The TygerBear Foundation (Western Cape)
GRIP (Mpumalanga)
StepThru (Gauteng)

After stopping off to bid farewell to the Beares and Lubners staff in Humansdorp on my way through, I took the N2 highway to Plettenburg Bay. It was once again a magic drive through absolutely beautiful countryside and I could not help thinking how this spectacularly beautiful part of our country can be absolutely ripped apart by this disgusting crime of child rape. Everyone I have been speaking to confirm the fact that the Eastern and Western Cape region is the worst affected area in our country by this disgusting crime and the fact that by far, the majority of the perpetrators are fathers, with uncles running a close second.

On yesterdays blog I clean forgot to mention the fact that on Wednesday afternoon at 4pm I met with the guys from Round table Humansdorp and Jefferies bay. This is a combination Table and so I got pinned and presented with their banner and of course partook in the consuming of a few cold frosty’s.

<i>Me being pinned and presented with Round Table Humansdorp/Jefferies Bay banner</i>

Me being pinned and presented with Round Table Humansdorp/Jefferies Bay banner

Table Chairman Anton Du Preez asked if I would mind popping round to his house because his young son Armin loves beach buggy’s and would love to see and ride in Buddy. This I duly did and boy did Armin enjoy Buddy. I ended up staying for a braai and had a great evening with the Du Preez family.

<i>Meet the Du Preez family – Dad Anton, lovely wife Nadia, Armin with Red Ridding Hood jacket and sister/daughter Anri. Thanks for the great evenings guys</i>

Meet the Du Preez family – Dad Anton, lovely wife Nadia, Armin with Red Ridding Hood jacket and sister/daughter Anri. Thanks for the great evenings guys

So I arrived in the spotlessly clean coastal town of Plettenburg Bay and arrived at the newly named Beares store half an hour before time. The store used to be a Lubners store and has subsequently changed to a Beares store. Arrangements had been made for me to meet a group of people from the local community which included a local newspaper journalist as well as a Captain from the local police Services. The discussion with Captain Guy Clift really got to me, because once again when I raised the subject regarding the legislation surrounding the right of a parent to discipline their children is creating a major problem.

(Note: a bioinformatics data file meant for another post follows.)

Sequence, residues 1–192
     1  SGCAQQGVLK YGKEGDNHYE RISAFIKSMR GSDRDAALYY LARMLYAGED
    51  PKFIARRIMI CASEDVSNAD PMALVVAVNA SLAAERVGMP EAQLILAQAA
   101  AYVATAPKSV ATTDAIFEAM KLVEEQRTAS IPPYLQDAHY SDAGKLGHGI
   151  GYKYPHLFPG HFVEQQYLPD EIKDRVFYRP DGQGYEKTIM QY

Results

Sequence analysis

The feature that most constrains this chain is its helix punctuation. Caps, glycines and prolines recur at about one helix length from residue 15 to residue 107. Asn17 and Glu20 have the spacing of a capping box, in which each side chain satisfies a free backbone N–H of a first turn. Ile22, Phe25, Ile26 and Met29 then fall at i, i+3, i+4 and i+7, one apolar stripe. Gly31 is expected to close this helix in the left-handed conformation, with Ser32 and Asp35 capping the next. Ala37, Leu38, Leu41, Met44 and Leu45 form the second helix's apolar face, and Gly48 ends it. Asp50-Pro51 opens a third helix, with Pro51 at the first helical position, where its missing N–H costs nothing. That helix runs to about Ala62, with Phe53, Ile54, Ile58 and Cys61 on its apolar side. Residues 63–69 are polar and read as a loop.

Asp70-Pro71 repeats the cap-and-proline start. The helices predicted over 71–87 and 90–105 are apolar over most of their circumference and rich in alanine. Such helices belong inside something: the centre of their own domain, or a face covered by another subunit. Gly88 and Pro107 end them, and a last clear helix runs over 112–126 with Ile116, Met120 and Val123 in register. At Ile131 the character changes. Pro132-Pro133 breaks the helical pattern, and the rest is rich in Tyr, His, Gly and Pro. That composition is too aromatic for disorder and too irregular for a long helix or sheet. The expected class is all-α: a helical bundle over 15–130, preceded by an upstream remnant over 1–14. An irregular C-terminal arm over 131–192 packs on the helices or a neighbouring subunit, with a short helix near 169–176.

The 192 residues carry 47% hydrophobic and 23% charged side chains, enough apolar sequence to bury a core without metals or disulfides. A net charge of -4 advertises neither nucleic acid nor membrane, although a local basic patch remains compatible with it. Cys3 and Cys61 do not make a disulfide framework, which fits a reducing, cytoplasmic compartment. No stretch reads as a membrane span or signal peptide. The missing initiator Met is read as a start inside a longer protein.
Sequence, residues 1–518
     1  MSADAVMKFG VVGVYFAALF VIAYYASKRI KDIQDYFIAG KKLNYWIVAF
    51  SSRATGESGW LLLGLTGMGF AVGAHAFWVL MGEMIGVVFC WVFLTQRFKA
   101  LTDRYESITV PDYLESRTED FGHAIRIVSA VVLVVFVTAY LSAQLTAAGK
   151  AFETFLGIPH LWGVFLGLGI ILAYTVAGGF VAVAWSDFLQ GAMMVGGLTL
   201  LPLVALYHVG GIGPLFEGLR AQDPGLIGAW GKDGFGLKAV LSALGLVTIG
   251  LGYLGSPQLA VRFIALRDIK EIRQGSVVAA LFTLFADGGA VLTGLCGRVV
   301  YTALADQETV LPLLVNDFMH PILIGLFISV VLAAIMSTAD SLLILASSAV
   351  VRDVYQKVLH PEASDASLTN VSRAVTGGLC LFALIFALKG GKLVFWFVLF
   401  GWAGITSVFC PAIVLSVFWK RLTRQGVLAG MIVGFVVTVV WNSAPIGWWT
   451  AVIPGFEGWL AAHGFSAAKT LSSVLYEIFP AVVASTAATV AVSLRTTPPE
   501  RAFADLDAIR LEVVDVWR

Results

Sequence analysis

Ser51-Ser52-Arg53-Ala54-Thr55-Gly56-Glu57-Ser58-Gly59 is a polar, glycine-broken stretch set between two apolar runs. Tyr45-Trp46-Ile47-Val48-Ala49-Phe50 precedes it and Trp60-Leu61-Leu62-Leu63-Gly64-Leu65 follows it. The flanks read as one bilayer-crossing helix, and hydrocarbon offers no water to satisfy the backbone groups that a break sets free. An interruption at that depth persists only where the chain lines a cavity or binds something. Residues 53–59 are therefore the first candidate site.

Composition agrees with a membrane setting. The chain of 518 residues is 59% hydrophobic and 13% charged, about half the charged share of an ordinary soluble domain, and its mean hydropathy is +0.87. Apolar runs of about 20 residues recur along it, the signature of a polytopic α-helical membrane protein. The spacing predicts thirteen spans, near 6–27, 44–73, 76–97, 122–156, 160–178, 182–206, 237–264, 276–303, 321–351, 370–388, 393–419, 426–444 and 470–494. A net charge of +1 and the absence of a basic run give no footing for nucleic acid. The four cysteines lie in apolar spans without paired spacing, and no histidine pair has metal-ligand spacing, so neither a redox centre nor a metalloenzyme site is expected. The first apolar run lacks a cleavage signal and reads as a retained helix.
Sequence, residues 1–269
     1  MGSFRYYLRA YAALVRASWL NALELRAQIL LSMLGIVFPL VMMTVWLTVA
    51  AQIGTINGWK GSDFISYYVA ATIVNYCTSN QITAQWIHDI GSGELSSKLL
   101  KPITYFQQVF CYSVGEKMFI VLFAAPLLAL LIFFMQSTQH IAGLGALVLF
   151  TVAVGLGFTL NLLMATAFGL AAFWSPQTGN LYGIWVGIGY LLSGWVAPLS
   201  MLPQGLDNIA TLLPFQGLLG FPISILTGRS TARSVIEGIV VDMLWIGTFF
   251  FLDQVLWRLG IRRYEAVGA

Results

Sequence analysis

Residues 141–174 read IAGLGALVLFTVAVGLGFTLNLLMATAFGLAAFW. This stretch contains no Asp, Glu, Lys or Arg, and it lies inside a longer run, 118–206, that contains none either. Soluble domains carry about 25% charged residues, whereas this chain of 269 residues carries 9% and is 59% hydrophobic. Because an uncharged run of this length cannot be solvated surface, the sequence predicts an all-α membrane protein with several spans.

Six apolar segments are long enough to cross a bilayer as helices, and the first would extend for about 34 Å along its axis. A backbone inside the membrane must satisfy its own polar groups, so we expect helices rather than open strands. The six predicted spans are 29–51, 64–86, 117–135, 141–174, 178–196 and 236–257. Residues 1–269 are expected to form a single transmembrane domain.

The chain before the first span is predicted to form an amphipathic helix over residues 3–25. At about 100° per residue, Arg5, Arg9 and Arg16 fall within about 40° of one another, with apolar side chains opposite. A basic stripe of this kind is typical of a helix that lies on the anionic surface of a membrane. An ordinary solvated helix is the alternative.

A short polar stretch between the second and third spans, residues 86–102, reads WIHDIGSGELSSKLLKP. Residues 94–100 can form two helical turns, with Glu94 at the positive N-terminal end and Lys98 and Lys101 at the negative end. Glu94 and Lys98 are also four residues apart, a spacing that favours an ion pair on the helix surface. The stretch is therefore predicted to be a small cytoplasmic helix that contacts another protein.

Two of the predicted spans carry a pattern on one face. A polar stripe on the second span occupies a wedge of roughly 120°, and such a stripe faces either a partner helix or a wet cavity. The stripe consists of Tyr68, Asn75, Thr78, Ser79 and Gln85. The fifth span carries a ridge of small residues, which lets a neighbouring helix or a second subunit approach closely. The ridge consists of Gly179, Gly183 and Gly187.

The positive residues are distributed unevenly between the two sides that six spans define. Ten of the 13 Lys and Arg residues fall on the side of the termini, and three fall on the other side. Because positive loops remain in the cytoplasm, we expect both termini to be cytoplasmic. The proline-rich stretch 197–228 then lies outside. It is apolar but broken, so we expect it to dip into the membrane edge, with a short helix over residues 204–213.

The good Captain, with a very sarcastic smile, interrupted me and said “That is not correct; a parent has the right to smack a child if it deserves it and if it is in the process of disciplining the child”. I raised the point that the child act specifically forbids this and should a parent hit a child, he or she is guilty of child abuse and can be charged accordingly. I went through the example I gave in my blog for Tuesday 2nd March (Day 176) and I asked him to provide me with the section of the law which allows a child to be smacked, hit or subjected to corporal punishment etc and he could not. According to the Captain if a child reports his or her parent for smacking him or her he as a policeman would not take the report and according to him the magistrates in the area of Plettenburg Bay would throw the case out of court?

However the good captains gross defiance of the child act did not surprise me, because when I raised the fact that the ‘FCS’ unit was officially disbanded in March 2009, he disagreed with this saying that it had never been disbanded. To this I responded with “Then please explain why the Minister of police on national television about six weeks ago announced to the South African public that the ‘FCS’ unit will be re-instated on the 1st of April 2010, this year”. He had no response to this.